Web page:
UK police: Tabloid lied, hacked for scoops on girl

News of the World journalists used phone hacking, harassment and lies to secure scoops on missing British schoolgirl Milly Dowler, police reported Monday, detailing a litany of abusive press practices.

In one incident, someone impersonated the teen's mother and called a potential witness to ask for information about the 13-year-old, who was found dead months later in September 2002. British police did not specify who made the bogus call.

The new details about the News of the World's relentless pursuit of information about the Dowler case, revealed in a letter to lawmakers released Monday, illuminate one of the most sordid episodes of the British phone hacking saga.

The scandal over illegal practices at the now-defunct tabloid exploded in July after The Guardian newspaper reported that the News of the World had intercepted Dowler's voicemail messages while she was still considered missing.

The revelation that journalists had invaded a murdered girl's privacy to score scoops horrified Britons and led to a cascade of lawsuits, resignations, arrests and official inquiries.

Surrey Police Deputy Chief Constable Jerry Kirkby, whose force investigated the girl's disappearance, said in the letter that the News of the World freely admitted to police that it had broken into Dowler's voicemail, saying it had obtained her cell phone number and password from fellow schoolchildren.

Kirkby also said a potential witness called his force to complain that a News of the World reporter was harassing him for information. He said the reporter claimed to be working in “full cooperation” with police.

Kirkby said the “reporter's assertion that he was working with the police was untrue.” The reporter's name was redacted from the letter.

The most troubling incident outlined in Kirkby's letter was a pair of phone calls made to a recruitment agency by someone claiming to be the teenager's mother, Sally Dowler, on April 13, 2002.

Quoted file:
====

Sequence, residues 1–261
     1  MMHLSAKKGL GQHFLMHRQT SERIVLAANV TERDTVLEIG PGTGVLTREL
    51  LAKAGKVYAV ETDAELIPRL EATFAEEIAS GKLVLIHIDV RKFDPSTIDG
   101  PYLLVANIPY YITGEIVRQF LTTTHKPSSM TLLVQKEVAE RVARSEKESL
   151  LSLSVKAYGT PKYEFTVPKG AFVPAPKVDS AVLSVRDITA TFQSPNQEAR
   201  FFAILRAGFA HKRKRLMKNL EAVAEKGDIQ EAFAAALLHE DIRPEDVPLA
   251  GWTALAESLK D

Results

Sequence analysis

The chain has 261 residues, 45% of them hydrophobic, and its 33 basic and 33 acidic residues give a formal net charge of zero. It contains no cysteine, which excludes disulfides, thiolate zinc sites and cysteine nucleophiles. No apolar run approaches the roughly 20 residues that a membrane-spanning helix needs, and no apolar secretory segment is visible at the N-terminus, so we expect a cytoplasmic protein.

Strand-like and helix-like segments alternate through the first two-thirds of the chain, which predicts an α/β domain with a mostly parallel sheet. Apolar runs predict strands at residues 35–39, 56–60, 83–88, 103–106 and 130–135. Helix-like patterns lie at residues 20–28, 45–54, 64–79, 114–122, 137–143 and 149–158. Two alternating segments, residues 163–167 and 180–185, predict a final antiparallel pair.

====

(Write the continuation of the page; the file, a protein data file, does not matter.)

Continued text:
At the time, the News of the World wrongly believed Dowler had run away to find work with the agency and was staking out the premises with what one employee described as “hordes of reporters.”

Dowler family attorney Mark Lewis said in an email that Sally Dowler never made the call.

“No doubt there will be current investigations as to who that was,” he said.

Lewis also asked why Surrey Police did not act sooner to investigate the deception, saying that “no thought seems to have been given to the effect on the Dowler family.”

In a separate development, British lawmaker Tom Watson wrote to police asking for an investigation into email hacking at Rupert Murdoch's The Times of London.

In December, Times publisher Tom Mockridge acknowledged that a former reporter had engaged in computer hacking while at the venerable title. The Guardian newspaper, citing unidentified colleagues at The Times, said last week that the reporter had hacked into the Hotmail account of a well-known anonymous police blogger in a bid to discover his identity.

The blogger, Detective Richard Horton, sued The Times in 2009 to stop the paper from exposing him but eventually lost.

Noting that no mention was made of computer hacking at the time, Watson said “it is almost certain that a judge was misled.”

The opposition lawmaker, a dogged opponent of Murdoch, said he wanted police to investigate whether anyone at The Times was guilty of perjury or obstruction of justice — allegations which, if confirmed, could have serious consequences for The Times, which is more than 225 years old.

News International, responsible both for The Times and the News of the World, reiterated that the interception of Dowler's phone was “shocking and unacceptable” and that those who sanctioned or carried out the hacking should be held accountable for their actions.

Police confirmed that they'd received Watson's letter and said they were in contact with the lawmaker over the allegations.



Kirkby's letter: (PDF)

Watson's letter:

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